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October 10, 2017

Bad Oscar Pistorius film set to debut on Lifetime, nobody is happy

Last month, it was announced that inspirational-Olympic-hero-turned-convicted-murderer Oscar Pistorius’s fall from grace had been adapted for the small screen, in the form of a Lifetime channel original movie–one of the most embarrassing forms of immortalization imaginable. Folks, meet Oscar Pistorius: Blade Runner Killer.

The response was justifiably and nearly universally negative. I mean, did you watch it? (If not, do so, please!)

I’m as big a fan of ripped-from-the-headlines, police procedural dramas as the next guy. I can sit down and comfortably absorb four hours of Law & Order: SVU without batting an eyelash. But man, does this movie look bad. For starters, the title simply doesn’t make sense.

(First rule of titles is: don’t use back-to-back words ending in “-er.” That’s just the rules, and if you don’t like it, you shouldn’t be employed by Lifetime making bad movies.)

Moving forward, I didn’t write the book on accents, but somehow, the South African-born, vaguely Aaron Paul-looking actor portraying Pistorius somehow sounds less convincing than Leo DiCaprio in Blood Diamond.

Anyway, my minor gripes with the trailer mean little in the greater context of it being a Lifetime movie, which means in a few years, somehow, the film will be shown to checked out classrooms, taught by hungover coaches-turned-teachers, who are looking for a hands-off means of addressing mental health during state-mandated health and wellness lessons.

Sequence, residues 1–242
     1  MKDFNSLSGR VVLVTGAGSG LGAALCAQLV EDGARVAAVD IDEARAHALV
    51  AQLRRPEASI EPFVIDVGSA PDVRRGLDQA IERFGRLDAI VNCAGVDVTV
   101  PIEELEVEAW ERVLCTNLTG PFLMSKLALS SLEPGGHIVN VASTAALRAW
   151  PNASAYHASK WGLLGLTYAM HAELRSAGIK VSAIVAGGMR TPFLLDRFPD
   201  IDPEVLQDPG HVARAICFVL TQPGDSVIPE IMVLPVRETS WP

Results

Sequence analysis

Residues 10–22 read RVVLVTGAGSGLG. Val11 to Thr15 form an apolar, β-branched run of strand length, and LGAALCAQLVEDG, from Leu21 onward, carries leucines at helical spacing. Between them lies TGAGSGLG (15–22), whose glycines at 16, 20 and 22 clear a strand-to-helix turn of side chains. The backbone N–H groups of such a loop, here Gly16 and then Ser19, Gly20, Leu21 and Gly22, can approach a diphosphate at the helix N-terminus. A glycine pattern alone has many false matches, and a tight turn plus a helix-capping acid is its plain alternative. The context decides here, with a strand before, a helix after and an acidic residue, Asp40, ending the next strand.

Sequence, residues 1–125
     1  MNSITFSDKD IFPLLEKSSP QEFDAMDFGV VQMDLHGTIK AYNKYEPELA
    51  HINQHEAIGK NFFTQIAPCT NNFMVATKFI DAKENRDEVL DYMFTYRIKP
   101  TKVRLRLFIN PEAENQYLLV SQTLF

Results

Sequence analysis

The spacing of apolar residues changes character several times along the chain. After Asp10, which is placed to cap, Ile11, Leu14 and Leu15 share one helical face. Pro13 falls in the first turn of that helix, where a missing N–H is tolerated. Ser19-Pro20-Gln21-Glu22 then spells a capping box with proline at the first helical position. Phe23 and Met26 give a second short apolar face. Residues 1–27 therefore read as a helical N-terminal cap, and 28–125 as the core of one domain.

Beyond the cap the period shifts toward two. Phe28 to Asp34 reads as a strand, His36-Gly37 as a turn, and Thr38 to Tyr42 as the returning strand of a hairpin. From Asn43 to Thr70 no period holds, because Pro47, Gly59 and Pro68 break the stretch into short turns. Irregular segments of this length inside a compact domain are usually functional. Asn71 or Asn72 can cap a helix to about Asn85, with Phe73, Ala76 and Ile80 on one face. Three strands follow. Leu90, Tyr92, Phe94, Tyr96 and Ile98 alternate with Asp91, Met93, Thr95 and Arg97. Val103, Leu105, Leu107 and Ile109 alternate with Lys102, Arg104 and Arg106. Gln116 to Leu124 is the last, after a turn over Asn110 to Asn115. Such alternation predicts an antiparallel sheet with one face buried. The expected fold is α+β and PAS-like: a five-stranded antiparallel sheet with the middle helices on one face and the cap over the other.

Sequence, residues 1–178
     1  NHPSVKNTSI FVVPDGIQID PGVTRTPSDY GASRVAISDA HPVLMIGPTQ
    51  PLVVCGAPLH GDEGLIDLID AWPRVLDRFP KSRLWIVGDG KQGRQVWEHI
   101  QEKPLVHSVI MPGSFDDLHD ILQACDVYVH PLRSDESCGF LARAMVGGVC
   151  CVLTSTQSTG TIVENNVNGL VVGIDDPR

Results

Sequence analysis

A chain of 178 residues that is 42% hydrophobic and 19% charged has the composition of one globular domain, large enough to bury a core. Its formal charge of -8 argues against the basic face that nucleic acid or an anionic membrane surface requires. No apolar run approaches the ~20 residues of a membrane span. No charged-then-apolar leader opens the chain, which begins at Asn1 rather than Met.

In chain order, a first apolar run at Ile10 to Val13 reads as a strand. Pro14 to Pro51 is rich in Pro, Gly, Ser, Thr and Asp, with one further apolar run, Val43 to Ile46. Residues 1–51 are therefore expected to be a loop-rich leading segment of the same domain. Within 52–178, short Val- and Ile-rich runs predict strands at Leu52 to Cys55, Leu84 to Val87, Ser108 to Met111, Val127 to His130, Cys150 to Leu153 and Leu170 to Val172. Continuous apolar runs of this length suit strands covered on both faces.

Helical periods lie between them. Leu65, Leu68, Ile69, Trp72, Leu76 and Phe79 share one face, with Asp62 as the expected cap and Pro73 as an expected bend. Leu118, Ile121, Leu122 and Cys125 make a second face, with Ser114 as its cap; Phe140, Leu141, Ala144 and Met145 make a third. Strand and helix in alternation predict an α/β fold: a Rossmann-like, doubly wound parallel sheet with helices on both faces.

If I had grounds for legal action on the basis of this dumb movie being probably really bad, I would. But–thankfully–our justice system doesn’t offer such a pathway to justice. And it seems plenty of other online people are also of the impression the film looks shitty and is in poor taste.

And of course, those closest to the sting of the tragedy are also more than a little pissed.

The Pistorius family plans to pick up my legal slack, and will sue the producers of Oscar Pistorius: Blade Runner Killer. Furthermore, the hapless filmmakers managed to offend the family of Pistorius’s victim, Reeva Steenkamp. Both families deny any involvement with the project, which is probably true, but if they’re now lying about it to distance themselves from it, then that’s fine by me too.

Oscar Pistorius: Blade Runner Killer is set to debut November 8th at 8pm on Lifetime. I’ll probably still wind up watching it.

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